Poor People’s Corporation organized
Even with the victories of the 1964 Civil Rights Act and the 1965 Voting Rights Act, SNCC workers and their allies confronted new challenges in the late 1960s. “I feel that the federal government have proven that it don’t care about poor people,” Mrs. Unita Blackwell from Issaquena County, Mississippi explained. “We the poor people of Mississippi is tired.” So those in the Movement began searching for new ways and strategies to tackle the economic inequality that remained in places like the Mississippi Delta and Alabama Black Belt.
Demands for “Black Power” found fertile ground as rural Black people increasingly demanded self-sufficiency. SNCC worker Jesse Morris was at the forefront of this effort. Morris thought that the only jobs poor people could depend on with certainty were ones created by and for themselves. Along with Silas Norman, SNCC’s Alabama State Director, Morris came up with the idea of a Poor People’s Corporation (PPC), which they first formed in the fall of 1965. SNCC staffer Willie Blue who began working with PPC put the organization’s rationale this way: “There are thousands of black people all over Mississippi who can’t get jobs, and who don’t like being on welfare. The idea behind PPC is to have them earn their daily bread with their own ingenuity.”
The PPC was a non-profit corporation that provided financial and technical support to groups of poor people who wanted to start cooperatives or other self-help programs. It was designed “to assist low-income groups to initiate and sustain self-help projects of a cooperative nature.” After reading an article about the Poor People’s Corporation in The Student Voice, Mrs. Maggie Chandler, who made handcrafted hats, inquired about starting a chapter in Greenwood, Mississippi. She supported two children on her low-income assistance of $15 per week and was “willing to do all I can to have this organization here,” she wrote.
The Poor People’s Corporation was open to all poor people, charging nominal dues of 25 cents a year. With an annual fund of $5000, the PPC loaned money, provided training, and set up a marketing network for small groups from Mississippi who primarily did sewing and leatherwork. Within a year there were sixteen “self-employment enterprises” underway in ten counties, and “Liberty House” outlet stores opened in Jackson, Mississippi and in New York City.
While empowering for those involved, the PPC and other cooperatives could not begin to solve the overwhelming and deeply-rooted problems of Black unemployment and poverty. The Poor People’s Corporation faced countless challenges in training workers, supplying materials and machinery to the cooperatives, and marketing finished products. The small organization also did not have the capital necessary to sustain these enterprises over a long period of time. Local banks refused to extend credit, adding to the burden of staying afloat. The PPC was forced to rely on small contributions from civil rights supporters, and in the 1970s that disappeared.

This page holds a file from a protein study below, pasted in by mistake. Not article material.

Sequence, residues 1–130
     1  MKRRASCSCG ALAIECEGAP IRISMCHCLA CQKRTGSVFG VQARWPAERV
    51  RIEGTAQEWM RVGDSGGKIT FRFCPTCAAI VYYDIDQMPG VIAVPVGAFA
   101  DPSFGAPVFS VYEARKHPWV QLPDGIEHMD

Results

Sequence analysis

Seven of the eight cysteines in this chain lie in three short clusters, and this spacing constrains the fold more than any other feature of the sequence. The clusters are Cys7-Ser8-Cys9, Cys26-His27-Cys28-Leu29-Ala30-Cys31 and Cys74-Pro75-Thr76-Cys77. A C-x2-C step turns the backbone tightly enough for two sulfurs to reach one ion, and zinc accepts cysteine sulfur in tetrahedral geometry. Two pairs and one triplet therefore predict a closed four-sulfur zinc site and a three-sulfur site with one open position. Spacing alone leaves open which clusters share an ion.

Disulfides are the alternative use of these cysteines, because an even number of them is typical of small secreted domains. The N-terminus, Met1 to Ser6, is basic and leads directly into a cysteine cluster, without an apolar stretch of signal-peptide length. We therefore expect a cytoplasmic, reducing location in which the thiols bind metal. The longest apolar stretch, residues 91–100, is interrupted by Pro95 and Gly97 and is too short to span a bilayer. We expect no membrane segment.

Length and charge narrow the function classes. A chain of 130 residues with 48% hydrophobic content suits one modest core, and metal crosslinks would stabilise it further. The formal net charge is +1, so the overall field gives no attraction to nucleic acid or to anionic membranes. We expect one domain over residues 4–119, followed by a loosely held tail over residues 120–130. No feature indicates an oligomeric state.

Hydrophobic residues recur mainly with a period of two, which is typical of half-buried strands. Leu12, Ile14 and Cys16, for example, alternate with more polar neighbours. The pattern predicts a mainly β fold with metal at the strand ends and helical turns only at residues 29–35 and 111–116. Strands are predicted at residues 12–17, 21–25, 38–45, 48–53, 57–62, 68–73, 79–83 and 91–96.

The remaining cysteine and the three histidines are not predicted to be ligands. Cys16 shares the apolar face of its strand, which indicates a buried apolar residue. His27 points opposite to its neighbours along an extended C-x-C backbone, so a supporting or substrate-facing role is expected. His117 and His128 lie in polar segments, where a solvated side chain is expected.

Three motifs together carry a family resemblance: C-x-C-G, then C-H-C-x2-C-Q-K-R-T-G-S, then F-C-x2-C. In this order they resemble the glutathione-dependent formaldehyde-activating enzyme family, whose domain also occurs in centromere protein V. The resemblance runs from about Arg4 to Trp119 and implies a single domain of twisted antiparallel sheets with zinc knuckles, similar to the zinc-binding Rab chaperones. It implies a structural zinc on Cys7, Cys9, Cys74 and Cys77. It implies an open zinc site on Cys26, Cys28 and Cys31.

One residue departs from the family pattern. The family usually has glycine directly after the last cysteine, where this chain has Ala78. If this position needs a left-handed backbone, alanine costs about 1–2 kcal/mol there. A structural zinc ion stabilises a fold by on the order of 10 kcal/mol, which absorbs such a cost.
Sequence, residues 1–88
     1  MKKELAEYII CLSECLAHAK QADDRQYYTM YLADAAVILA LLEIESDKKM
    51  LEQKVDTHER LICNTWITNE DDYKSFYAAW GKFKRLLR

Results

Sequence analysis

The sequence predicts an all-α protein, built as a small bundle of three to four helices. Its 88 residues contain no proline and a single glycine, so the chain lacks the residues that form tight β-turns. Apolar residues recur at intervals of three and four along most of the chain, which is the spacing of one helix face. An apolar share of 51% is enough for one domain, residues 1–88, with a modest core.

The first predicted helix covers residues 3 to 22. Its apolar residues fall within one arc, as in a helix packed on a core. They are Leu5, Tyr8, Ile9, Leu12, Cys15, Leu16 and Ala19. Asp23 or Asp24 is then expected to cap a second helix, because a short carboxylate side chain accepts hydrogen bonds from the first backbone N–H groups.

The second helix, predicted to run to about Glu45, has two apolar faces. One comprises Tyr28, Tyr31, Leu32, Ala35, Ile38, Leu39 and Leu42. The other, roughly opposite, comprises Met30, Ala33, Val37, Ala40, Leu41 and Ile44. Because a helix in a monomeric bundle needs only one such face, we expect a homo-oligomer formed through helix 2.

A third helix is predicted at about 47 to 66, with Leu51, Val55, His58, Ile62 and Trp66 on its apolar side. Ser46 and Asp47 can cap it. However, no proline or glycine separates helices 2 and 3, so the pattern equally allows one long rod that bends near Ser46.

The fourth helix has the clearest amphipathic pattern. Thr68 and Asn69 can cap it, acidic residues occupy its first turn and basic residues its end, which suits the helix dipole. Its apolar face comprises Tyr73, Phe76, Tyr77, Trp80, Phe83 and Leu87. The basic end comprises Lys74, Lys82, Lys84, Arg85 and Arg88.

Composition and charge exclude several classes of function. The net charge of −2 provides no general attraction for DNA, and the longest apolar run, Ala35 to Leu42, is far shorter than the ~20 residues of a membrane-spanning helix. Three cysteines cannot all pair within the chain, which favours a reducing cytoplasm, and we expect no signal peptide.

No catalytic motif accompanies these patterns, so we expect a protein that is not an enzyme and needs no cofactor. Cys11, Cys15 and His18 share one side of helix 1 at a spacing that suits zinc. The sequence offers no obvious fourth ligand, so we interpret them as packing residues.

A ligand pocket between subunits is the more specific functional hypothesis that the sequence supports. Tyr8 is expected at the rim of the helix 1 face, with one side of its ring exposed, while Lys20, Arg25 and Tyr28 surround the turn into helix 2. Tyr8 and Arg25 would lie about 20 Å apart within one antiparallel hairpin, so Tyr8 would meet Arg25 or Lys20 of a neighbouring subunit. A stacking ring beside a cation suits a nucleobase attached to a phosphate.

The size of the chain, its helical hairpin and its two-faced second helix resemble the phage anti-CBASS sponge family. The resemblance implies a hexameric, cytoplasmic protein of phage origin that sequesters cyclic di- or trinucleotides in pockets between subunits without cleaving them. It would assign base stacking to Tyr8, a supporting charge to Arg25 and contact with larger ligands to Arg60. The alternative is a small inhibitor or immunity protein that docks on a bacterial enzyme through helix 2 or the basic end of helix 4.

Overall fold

But cooperative organizer Doug Jenkins pointed to the important victory of the Poor People’s Corporation; despite its inability to maintain a lasting presence, “PPC is black power–it’s showing people how to do something for themselves.”
Elaine Delott Baker, “The Freedom Struggle Was the Flame,” Hands on the Freedom Plow: Personal Accounts by Women in SNCC edited by Faith Holsaert, et al. (Urbana: University of Illinois Press, 2010), 409-416.
Clayborne Carson, In Struggle: SNCC and the Black Awakening of the 1960s (Cambridge, MA: Harvard University Press, 1981), 172.
Doris A. Derby, “Sometimes in the Ground Troops, Sometimes in the Leadership,” Hands on the Freedom Plow: Personal Accounts by Women in SNCC edited by Faith Holsaert, et al. (Urbana: University of Illinois Press, 2010), 436-445.
John Dittmer, Local People: The Struggle for Civil Rights in Mississippi (Urbana: University of Illinois Press, 1994), 365-366.
Faith Holsaert, et al., Hands on the Freedom Plow: Personal Accounts by Women in SNCC (Urbana: University of Illinois Press, 2010), 528.
Isaac Foster, Unita Blackwell, Ida Mae Lawrence, Rev. Arthur Thomas, “We Have No Government,” Transcript from MFLU press conference, 1966, Civil Rights Movement Veterans Website.
Letter from Maggie Chandler to the Poor People’s Corporation, September 11, 1965, Poor People’s Corporation Records, Wisconsin Historical Society.